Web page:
Rumor has it that sometime within the next ten days or so, the Grafton Teachers Association will call for a vote of no confidence from its members against Superintendent Jay Cummings or the entire Grafton School Committee or both. What does this mean and what would happen after that?
A vote of no confidence is a symbolic, non-binding vote taken by the membership of a union, usually against an administrator, expressing a collective lack of faith in that individual’s ability to perform basic job functions usually as a result of some malfeasance, or perceived failing.
The goal of such a vote is often to express to a decision maker that changes need to be made within an organization, and to pressure that decision maker to make such a change.
Are these votes effective? They can be, but of course context is important. And given that these votes are non-binding, they can be ignored. Further, the more often teachers unions in Massachusetts call for these votes, the less impact each such vote has. The boy can cry wolf only so many times.
In 2008, Swampscott’s teachers’ union called for a vote of no confidence in their Superintendent, Dr. Matthew Malone for spending funds on “expensive trips to seminars and conferences” and other expenses, as well as keeping “more administrative staff than necessary.” Citing communications and leadership issues, Northbridge teachers voted in 2011 no confidence in their Superintendent, Susan Gorky. In 2016, the Framingham teachers union voted no confidence in their Superintendent, Stacy Scott, for his failure to keep a valid Superintendents license. In 2010, the Stoughton teachers association voted no confidence in Superintendent Marguerite Rizzi during protracted contract negotiations. In 2014, the Chelmsford teachers’ union actually commended their Superintendent, Frank Tiano, for addressing class size issues before voting no confidence in him due to a looming budget deficit. In 2014, the New Bedford teachers’ union voted no confidence in Superintendent Pia Durkin, a vote widely criticized in the press as being reactionary to that superintendent making changes to turn around a troubled school district.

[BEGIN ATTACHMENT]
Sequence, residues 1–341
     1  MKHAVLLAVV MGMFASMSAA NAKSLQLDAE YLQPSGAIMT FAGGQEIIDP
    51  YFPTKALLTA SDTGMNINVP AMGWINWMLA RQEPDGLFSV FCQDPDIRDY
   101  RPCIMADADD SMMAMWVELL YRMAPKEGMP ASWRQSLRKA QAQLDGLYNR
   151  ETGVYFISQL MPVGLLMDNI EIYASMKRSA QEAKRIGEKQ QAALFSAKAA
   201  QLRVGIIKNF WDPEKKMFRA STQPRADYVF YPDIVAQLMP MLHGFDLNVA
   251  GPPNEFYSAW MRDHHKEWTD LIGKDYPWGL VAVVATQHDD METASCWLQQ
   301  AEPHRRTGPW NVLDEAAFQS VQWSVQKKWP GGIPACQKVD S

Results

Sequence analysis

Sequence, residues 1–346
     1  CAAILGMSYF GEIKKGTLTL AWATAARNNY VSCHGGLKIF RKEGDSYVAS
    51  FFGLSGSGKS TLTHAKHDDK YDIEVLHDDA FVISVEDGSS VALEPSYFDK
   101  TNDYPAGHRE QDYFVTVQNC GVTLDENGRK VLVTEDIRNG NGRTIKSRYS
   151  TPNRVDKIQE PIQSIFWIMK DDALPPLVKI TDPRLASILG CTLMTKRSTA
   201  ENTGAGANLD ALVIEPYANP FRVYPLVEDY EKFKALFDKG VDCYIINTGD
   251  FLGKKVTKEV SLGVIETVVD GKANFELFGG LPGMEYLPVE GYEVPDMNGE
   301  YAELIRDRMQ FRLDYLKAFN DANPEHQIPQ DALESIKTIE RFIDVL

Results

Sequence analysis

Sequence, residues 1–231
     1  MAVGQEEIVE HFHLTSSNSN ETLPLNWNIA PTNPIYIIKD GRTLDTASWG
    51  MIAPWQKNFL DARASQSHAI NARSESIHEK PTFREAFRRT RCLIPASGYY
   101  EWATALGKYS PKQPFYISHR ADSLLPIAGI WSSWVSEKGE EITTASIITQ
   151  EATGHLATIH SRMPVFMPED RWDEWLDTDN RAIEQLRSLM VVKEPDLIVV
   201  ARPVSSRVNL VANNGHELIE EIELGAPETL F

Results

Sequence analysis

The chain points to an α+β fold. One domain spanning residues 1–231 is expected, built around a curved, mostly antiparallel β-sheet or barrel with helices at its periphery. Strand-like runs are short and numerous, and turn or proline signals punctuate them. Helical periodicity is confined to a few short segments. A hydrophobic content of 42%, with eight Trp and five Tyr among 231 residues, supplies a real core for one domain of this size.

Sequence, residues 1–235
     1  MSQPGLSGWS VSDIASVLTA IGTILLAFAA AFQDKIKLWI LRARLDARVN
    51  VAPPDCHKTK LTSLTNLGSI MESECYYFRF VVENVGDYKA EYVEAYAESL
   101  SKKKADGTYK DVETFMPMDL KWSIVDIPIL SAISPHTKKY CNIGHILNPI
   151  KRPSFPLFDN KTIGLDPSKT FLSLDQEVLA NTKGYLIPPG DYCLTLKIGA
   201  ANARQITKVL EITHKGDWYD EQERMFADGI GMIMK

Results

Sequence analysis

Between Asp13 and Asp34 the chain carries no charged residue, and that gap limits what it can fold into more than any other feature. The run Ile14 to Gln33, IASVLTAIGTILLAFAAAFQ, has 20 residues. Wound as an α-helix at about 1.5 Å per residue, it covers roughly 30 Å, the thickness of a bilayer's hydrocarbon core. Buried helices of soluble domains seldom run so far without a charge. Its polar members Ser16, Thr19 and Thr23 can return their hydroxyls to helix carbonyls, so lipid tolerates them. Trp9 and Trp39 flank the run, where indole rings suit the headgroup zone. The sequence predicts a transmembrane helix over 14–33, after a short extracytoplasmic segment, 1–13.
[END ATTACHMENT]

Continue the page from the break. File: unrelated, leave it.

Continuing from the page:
It is the opinion of this space that as Massachusetts cities and towns continue to grapple with decreased state aid, rising costs from healthcare and unfunded state mandates, and the downward pressure on income that Proposition 2.5 causes, you will see the number of votes of no confidence rise from increasingly militant teachers unions whose tactics are inarguably being affected by a more aggressive Massachusetts Teachers Association.
And if that happens, what of the votes of no confidence? It’s one thing if you have a superintendent practicing without a license, and whose poor leadership is negatively affecting leadership and moral. It’s another thing if a superintendent is simply grappling with fewer resources and he has to tell people “no,” resulting in a vote of no confidence from a disappointed union.
What will be the ultimate effect of the GTA’s no confidence vote? Well, it certainly won’t help Jay Cummings’s career. He’ll have to explain the situation at every job interview he ever has. But then again, once the MTA has encouraged each and every district in the Commonwealth to pursue this strategy, who will really care?
The GTA’s tactic also could backfire. Not only has Dr. Cummings performed admirably in Grafton, he’s incredibly well liked. Conversely, it’s been a rough week for the GTA’s vaunted PR campaign designed to bring the School Committee to its collective knees. Its credibility is in shambles after The Grafton News effectively debunked many of the claims that it has made concerning administrator salaries, school expenses, and town spending. If the GTA again overreaches with their vote, they could be ignored – or worse.
The no confidence vote is the last arrow in their quiver before the matter is taken to fact finding. They should think twice before letting it fly.